Full day event
30 JUNE 2022 (09:00 – 18:00 hrs) (Lisbon Time)
Faculty of Law of the University of Lisbon
Banks, investment undertaking and insurance companies are licensed entities and thus subject to prudential obligations that include requirements for minimum capital and liquidity, constraints on large exposures, and specific rules on governance arrangements and compensation schemes. These entities are also subject to additional regulations such as consumer protection, anti-money laundering (AML), rules on the combat of terrorism financing (CFT) and conduct of business which apply to the different services they offer, including deposit-taking, credit underwriting, payment services and wealth management.
Prudential requirements consider all activities that an institution performs. Capital requirements are based on an assessment of the credit, market, and operational risk of the institution. Moreover, the focus of prudential requirements is the financial institution’s consolidated balance sheet, sometimes complemented with specific constraints for individual legal entities within banking groups.
Prudential regulation aims to address the impact of the failure of specific institutions on the stability of the system. To the extent that these risks stem from the vulnerability of those institutions’ balance sheets, prudential regulation follows an entity-based approach. It establishes specific requirements for entities – such as banks – which perform a combination of activities of social relevance: taking government-protected liabilities redeemable at short notice and at par value (deposits), and investing those funds in risky, longer-term, and less liquid assets (e.g., credit). These activities entail, nonetheless, considerable risks.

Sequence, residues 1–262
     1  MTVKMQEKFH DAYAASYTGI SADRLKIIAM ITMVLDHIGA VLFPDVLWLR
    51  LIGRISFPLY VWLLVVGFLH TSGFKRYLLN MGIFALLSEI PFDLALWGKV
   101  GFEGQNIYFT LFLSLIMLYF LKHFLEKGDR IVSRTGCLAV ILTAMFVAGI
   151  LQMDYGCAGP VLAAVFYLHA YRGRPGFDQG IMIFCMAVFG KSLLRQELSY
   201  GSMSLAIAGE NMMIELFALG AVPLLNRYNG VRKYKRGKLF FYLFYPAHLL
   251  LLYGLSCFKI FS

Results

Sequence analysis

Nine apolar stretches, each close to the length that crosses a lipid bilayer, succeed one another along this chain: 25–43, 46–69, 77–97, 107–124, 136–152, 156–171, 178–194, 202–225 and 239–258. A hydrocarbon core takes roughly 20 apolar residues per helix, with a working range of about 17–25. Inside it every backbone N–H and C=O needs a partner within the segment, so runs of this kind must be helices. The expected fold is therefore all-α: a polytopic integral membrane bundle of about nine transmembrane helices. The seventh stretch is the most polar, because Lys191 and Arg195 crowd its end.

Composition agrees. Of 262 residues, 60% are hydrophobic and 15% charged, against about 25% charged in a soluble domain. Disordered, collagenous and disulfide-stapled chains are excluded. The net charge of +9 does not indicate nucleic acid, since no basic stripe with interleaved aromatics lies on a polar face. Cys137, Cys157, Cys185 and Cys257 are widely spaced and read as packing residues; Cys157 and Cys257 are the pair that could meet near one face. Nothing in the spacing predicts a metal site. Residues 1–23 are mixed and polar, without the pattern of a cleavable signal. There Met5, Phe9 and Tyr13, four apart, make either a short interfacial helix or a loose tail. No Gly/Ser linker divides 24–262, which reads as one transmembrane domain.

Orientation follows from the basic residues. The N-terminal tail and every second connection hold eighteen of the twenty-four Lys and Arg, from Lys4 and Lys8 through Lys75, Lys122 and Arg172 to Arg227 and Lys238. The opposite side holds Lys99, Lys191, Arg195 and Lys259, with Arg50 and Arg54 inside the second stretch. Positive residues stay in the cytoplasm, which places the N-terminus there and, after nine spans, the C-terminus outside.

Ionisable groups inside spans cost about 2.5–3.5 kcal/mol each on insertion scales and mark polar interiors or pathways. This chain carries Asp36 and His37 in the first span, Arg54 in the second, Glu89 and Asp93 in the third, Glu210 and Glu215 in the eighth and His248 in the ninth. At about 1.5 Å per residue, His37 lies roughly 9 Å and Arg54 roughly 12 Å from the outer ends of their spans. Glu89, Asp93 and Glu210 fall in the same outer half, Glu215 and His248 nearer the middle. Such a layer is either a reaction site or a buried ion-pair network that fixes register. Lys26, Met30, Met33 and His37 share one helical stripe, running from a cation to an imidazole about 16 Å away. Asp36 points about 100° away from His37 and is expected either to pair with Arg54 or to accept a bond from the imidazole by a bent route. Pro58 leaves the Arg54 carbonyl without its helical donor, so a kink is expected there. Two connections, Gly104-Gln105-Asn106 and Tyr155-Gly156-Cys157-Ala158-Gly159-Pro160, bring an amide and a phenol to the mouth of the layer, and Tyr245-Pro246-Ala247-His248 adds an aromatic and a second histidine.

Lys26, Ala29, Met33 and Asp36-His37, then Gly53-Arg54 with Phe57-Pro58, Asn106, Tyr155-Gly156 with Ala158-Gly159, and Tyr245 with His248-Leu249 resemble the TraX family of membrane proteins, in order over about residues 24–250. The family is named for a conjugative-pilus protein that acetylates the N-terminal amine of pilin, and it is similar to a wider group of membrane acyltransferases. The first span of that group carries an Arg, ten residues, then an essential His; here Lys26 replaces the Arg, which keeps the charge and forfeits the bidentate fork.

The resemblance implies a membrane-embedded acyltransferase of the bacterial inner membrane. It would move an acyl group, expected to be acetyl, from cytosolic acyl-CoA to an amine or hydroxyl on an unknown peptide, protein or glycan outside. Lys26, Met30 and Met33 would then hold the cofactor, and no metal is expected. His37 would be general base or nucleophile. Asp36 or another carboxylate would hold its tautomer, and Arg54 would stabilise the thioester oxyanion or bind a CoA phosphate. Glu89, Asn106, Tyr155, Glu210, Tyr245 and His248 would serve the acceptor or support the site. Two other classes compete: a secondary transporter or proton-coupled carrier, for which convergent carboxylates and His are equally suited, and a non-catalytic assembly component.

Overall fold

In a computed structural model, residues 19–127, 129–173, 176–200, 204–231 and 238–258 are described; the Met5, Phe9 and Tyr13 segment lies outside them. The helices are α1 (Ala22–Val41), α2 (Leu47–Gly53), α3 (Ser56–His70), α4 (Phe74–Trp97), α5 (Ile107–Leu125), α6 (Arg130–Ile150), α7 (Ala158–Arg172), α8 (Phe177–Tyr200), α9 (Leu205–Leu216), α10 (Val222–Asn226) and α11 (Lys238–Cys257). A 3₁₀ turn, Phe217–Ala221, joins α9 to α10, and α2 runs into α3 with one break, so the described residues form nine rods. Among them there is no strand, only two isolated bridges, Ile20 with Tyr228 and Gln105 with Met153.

These traditional players of the market (the incumbents) were challenged in recent times by FinTechs. The Financial Stability Board defines FinTech as “technologically enabled financial innovation that could result in new business models, applications, processes or products with an associated material effect on financial markets and institutions and the provision of financial services”.
These developments generated profound changes in the market structure, as non-licensed FinTech players became very active in offering services that in the past were predominantly offered by heavily regulated entities, causing the so-called unbundling of banks effect, and fostering competition in the financial services market.
The entry of new players in the business of supplying finance-like products and the increasing reliance on electronic channels for their distribution, typically without the same systemic risk underlying the traditional licensing principle, is challenging the belief that strict controls over entry into finance business is necessary.
In this conference we aim to address the fundamentals behind the licensing principle and discuss its relevance in the context of FinTech driven innovation in the financial sector.
In person with prior registration (subject to room capacity – 150 seats)
(a certificate of attendance will be issued to participants who attend in person):
Through webinar zoom on: